What is Dry Eye Syndrome

What is Dry Eye Syndrome

What is Dry Eye Syndrome

What is Dry Eye Syndrome?

eye graphic

When you blink, a film of tears spreads over the eye. This keeps the eye’s surface smooth and clear. The tear film is important for clear and consistent vision. The tear film is made of three layers;

An oil layer (Lipid): thin surface layer of the tear film which prevents tear evaporation. This layer is produced in the meibomian glands that line the upper and lower eyelid margins.

A water layer (Aqueous): thick middle layer of the tear film that keeps the eye protected from particles and debris. This layer is produced in the lacrimal gland in the upper eyelid.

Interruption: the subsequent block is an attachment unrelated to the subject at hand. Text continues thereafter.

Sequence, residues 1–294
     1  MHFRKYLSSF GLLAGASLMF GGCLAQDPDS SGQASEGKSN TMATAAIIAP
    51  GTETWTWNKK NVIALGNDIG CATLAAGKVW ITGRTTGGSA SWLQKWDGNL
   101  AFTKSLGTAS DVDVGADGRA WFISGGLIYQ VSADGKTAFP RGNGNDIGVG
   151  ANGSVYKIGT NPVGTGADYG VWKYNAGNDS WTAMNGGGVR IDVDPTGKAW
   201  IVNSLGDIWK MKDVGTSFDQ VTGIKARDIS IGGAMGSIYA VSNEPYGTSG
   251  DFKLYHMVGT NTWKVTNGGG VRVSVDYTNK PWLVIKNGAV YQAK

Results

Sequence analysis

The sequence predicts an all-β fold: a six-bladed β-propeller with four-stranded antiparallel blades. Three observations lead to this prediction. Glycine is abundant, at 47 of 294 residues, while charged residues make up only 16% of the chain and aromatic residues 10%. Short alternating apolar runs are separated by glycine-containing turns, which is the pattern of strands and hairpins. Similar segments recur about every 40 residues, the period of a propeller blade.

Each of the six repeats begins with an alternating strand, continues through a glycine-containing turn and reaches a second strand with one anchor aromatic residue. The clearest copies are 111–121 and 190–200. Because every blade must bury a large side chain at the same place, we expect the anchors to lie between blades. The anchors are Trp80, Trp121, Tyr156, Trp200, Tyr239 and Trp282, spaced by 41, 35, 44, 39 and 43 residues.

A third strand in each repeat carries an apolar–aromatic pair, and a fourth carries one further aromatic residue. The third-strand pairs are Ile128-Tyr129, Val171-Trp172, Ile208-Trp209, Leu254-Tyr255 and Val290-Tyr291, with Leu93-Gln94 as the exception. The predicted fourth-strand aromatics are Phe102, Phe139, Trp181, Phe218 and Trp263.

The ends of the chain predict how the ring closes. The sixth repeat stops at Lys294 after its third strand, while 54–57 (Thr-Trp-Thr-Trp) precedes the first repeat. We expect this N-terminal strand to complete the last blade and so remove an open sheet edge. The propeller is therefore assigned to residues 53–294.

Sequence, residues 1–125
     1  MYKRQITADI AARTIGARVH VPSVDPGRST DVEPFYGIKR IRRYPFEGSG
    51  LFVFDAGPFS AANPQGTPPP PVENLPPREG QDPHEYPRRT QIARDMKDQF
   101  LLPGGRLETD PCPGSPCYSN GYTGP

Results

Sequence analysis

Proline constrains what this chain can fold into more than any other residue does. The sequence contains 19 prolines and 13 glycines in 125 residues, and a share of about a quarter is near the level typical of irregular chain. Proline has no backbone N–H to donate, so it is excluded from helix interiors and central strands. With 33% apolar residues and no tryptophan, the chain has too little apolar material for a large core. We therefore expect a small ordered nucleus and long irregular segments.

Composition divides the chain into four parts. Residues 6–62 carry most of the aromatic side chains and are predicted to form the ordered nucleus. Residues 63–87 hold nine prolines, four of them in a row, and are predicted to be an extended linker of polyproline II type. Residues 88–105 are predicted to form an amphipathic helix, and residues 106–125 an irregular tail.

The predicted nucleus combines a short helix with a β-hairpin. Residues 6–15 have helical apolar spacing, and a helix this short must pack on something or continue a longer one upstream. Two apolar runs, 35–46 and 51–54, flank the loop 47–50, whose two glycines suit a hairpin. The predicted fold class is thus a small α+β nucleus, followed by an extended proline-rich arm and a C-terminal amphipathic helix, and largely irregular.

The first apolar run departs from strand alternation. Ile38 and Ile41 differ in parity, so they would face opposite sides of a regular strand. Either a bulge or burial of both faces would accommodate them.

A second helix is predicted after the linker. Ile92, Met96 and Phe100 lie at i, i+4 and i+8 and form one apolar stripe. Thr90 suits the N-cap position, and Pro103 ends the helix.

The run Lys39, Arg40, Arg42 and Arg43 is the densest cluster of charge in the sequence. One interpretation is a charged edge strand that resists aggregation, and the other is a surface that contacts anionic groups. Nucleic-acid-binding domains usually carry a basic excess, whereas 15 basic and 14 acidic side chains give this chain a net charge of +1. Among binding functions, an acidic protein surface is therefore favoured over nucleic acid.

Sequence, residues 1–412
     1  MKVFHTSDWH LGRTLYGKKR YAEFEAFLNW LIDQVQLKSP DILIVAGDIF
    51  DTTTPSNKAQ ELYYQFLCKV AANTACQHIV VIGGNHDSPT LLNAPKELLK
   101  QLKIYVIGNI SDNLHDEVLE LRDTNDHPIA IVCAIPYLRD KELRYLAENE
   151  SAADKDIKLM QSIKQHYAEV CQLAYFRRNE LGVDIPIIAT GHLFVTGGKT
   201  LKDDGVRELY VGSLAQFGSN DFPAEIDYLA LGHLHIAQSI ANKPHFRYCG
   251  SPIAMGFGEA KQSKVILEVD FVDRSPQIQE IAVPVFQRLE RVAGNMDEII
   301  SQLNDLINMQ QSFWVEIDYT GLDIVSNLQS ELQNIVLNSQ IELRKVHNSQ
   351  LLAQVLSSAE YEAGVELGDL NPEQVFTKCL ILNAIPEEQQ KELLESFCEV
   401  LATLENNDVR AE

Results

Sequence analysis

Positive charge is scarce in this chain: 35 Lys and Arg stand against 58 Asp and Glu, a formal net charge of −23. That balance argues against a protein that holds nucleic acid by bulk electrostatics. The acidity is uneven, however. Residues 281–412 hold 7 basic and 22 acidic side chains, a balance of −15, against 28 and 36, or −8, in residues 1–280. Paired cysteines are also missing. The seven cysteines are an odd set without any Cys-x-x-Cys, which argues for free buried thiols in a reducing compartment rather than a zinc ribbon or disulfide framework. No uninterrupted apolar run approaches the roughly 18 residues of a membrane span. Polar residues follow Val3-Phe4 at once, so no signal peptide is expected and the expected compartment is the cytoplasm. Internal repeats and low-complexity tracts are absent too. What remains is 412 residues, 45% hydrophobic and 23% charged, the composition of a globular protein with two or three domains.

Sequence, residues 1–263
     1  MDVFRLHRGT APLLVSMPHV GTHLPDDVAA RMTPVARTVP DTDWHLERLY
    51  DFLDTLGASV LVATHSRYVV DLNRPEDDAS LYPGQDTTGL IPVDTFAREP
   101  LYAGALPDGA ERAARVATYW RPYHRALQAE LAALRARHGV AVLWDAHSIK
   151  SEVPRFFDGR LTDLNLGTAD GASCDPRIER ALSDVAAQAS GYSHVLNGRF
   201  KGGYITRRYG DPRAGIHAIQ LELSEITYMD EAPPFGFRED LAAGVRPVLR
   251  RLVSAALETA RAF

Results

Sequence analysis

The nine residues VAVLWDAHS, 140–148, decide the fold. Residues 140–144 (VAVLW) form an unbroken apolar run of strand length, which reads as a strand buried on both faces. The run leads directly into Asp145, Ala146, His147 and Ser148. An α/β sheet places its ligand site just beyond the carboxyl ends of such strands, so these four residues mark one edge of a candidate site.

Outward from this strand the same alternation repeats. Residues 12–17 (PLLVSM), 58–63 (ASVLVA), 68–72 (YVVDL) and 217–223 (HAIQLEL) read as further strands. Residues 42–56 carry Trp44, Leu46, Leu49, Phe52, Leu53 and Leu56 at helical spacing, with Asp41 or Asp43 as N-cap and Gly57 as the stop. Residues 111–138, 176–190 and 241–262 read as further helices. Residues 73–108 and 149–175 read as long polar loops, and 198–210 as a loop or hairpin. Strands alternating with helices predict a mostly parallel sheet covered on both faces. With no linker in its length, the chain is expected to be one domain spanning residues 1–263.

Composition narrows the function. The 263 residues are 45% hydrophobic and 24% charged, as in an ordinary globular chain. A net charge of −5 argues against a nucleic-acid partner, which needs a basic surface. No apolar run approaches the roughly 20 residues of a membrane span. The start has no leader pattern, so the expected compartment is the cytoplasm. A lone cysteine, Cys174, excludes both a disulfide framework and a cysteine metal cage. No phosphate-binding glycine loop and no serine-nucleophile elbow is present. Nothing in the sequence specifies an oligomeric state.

A mucus layer (Mucin): thin inner layer of the tear film that spreads the water layer out over the eye’s surface. This layer is produced by the conjunctiva, the clear tissue covering the white of the eye and lining the inner eyelids.

An insufficiency of any of the tear layers leads to symptoms including:

  • Burning

  • Itching

  • Aching/soreness

  • Fatigued and heavy eyes

  • Dryness

  • Watering

  • Sandy/gritty sensation

  • Redness

  • Light sensitivity

  • Blurry or fluctuating vision

  • Contact lens discomfort or intolerance

Complications of Dry Eye:

Eye infections. Your tears protect the surface of your eyes from exposure. Without adequate tears, you may have an increased risk of eye infection.

Damage to the surface of your eyes. Severe dry eyes may lead to eye inflammation, corneal abrasion, ulcers and vision problems.

Decreased quality of life. Dry eyes can make it difficult to perform everyday activities.

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